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Military Health System

DHA Celebrates the Women Building a Resilient Nation

Image of Images of four women. The Defense Health Agency celebrated Women's History Month by hosting a panel discussion called, “Women building a resilient nation.”
Throughout history women have overcome great adversity and significant obstacles to become leaders and pioneers, using their talents and ideas to strengthen our nation. Photo: DOD

"When we honor and reflect on the achievements of great female leaders who preceded us, it's important to remember that essentially nothing came easy for the women who were the first to lead in their respective fields."

With these words, Army Lt. Gen. (Dr.) Ron Place, director of the Defense Health Agency (DHA) opened the agency's panel discussion honoring Women's History Month. The theme of the panel was "women building a resilient nation."

The panel, featured Holly Joers, Air Force Brig. Gen. Anita Fligge, Army Col. Jenifer Meno, and Air Force Maj. Lindamira Nkwenti.

They each shared their perspectives on what it means to build resilient women.

Bounce and Bounce Back

When defining resilience, the panelists said it is the ability to grow through difficult circumstances and to use that growth to influence others.

Fligge, director, operations, strategy, education, and training and DHA's chief nursing officer, remarked, "Given the circumstances that [Helen Keller] was given, she showed nothing is insurmountable if you have the drive, the passion to overcome obstacles in life."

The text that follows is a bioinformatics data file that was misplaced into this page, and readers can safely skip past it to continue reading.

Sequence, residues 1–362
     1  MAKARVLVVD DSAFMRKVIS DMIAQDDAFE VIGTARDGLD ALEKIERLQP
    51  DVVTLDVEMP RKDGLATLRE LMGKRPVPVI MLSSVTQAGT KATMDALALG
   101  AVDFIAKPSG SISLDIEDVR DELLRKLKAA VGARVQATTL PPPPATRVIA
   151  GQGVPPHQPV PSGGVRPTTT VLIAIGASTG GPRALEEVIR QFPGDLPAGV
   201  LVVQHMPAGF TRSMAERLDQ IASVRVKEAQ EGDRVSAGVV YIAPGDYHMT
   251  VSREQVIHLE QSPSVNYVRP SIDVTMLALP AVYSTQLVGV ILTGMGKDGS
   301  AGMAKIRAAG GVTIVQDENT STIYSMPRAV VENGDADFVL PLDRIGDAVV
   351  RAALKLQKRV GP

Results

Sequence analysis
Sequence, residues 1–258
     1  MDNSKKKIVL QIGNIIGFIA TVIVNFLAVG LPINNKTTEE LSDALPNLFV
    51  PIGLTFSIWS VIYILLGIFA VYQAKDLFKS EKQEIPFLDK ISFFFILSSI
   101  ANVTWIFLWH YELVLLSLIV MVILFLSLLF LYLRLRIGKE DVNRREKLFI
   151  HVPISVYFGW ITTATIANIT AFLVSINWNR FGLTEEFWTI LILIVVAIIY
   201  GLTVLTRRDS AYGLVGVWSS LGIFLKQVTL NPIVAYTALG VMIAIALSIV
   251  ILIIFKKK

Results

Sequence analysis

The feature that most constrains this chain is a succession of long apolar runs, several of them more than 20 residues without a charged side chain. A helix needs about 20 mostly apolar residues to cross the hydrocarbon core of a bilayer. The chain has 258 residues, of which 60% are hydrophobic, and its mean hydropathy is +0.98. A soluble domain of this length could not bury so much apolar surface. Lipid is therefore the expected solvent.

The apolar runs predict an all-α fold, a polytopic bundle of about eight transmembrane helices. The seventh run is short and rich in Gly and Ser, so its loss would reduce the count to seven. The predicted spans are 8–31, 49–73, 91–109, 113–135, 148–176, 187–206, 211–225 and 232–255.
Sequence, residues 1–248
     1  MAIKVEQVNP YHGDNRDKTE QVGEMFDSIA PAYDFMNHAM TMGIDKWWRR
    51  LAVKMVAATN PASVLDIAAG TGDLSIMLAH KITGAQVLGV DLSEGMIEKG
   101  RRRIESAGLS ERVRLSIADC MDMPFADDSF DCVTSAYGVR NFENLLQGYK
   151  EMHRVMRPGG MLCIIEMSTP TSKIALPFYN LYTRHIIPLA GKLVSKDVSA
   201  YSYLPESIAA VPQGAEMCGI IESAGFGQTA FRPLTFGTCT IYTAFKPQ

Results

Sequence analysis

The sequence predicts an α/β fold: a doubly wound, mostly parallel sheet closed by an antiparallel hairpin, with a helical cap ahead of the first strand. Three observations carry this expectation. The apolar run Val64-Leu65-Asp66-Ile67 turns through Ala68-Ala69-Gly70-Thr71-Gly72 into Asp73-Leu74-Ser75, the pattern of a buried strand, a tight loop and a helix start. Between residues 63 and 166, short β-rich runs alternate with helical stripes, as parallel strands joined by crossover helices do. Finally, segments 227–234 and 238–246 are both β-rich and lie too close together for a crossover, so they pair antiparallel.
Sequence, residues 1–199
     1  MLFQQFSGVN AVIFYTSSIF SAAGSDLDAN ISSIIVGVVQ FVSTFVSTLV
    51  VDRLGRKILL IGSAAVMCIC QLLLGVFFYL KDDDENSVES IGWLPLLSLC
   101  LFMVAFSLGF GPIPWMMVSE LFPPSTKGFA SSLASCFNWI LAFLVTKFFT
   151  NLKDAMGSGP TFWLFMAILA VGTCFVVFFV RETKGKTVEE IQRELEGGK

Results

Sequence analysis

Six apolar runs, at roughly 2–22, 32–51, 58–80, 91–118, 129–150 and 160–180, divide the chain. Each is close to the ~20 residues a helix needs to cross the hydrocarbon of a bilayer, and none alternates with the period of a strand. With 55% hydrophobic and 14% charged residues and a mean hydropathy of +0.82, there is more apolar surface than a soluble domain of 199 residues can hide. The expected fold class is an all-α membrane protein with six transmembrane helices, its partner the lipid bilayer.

Meno, the DHA's deputy assistant director, strategy, plans, and analytics, added, "What I've learned not just from Keller and also Ruth Bader Ginsburg is it doesn't matter how big you are, or if you're a superstar or whatever. How do you influence by your words, actions, and your passion?"

Joers, program executive officer for the program executive office, defense healthcare management systems, added, "While [perseverance] is a characteristic of resilience I like to frame it as the physical and mental fortitude to withstand the everyday pressures."

Nkwenti, integration officer for the DHA's director's action group, replied, "Think of resilience in terms of understanding what your capacity is; how much you can take; also what your limits are, how much you can push. When we talk about resilience we talk about bouncing back."

It's Okay to Ask for Help

All the panelists saw asking for help as essential to becoming more resilient. Nkwenti asserted, "I strongly believe we are only as strong as our capacity to be vulnerable. We have to create new spaces not just for ourselves but as an organization where people feel comfortable to say, "'I need help.'"

"It takes a strong person to ask for help," she said. "That to me is part of being resilient."

Joers added, "No one carries the load by themselves, even these great historical figures. They had someone to help them get through things."

Echoing this sentiment, Meno remarked, "It's okay to go ask for help because we can and we should."

Focus on Your Goals and Dreams

The panelists agreed that a driving force for building resilience is the ability to focus on goals and dreams.

Meno stated, "I also say resilience is, 'hey, how do you reach for the stars?'" Citing Florence Nightingale's passion for caring for our nation's service members, she added, "she focused on that. It wasn't about anything else."

"We have to maintain those goals and aspirations and not let anyone deter us," she said. "It's about not letting anyone get in the way of those dreams you have."

Resilience: An Important Part of Service

As Place put it, resilience is about "how we persevere, how we bounce back, how we console each other, how we express ourselves. It's an important part of serving our country, a character trait that we should be building together."

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Last Updated: March 21, 2022
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